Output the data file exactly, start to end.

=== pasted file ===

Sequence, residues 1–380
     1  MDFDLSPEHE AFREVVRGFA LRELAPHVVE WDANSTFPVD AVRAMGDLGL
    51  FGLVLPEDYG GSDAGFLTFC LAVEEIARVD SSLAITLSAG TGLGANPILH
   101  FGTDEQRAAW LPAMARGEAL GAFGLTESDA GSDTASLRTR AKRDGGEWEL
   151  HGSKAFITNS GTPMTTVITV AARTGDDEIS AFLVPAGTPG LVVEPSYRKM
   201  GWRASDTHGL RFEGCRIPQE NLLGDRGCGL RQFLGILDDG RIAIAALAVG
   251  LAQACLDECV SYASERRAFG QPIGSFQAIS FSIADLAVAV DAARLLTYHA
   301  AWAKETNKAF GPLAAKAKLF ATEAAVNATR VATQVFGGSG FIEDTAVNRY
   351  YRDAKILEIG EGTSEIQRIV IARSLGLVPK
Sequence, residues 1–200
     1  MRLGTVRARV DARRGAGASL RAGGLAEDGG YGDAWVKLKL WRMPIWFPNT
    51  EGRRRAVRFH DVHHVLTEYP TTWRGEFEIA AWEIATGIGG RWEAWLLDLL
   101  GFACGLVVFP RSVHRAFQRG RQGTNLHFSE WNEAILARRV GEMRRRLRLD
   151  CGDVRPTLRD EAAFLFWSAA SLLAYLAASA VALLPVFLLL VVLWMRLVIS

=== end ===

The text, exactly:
Sequence, residues 1–380
     1  MDFDLSPEHE AFREVVRGFA LRELAPHVVE WDANSTFPVD AVRAMGDLGL
    51  FGLVLPEDYG GSDAGFLTFC LAVEEIARVD SSLAITLSAG TGLGANPILH
   101  FGTDEQRAAW LPAMARGEAL GAFGLTESDA GSDTASLRTR AKRDGGEWEL
   151  HGSKAFITNS GTPMTTVITV AARTGDDEIS AFLVPAGTPG LVVEPSYRKM
   201  GWRASDTHGL RFEGCRIPQE NLLGDRGCGL RQFLGILDDG RIAIAALAVG
   251  LAQACLDECV SYASERRAFG QPIGSFQAIS FSIADLAVAV DAARLLTYHA
   301  AWAKETNKAF GPLAAKAKLF ATEAAVNATR VATQVFGGSG FIEDTAVNRY
   351  YRDAKILEIG EGTSEIQRIV IARSLGLVPK
Sequence, residues 1–200
     1  MRLGTVRARV DARRGAGASL RAGGLAEDGG YGDAWVKLKL WRMPIWFPNT
    51  EGRRRAVRFH DVHHVLTEYP TTWRGEFEIA AWEIATGIGG RWEAWLLDLL
   101  GFACGLVVFP RSVHRAFQRG RQGTNLHFSE WNEAILARRV GEMRRRLRLD
   151  CGDVRPTLRD EAAFLFWSAA SLLAYLAASA VALLPVFLLL VVLWMRLVIS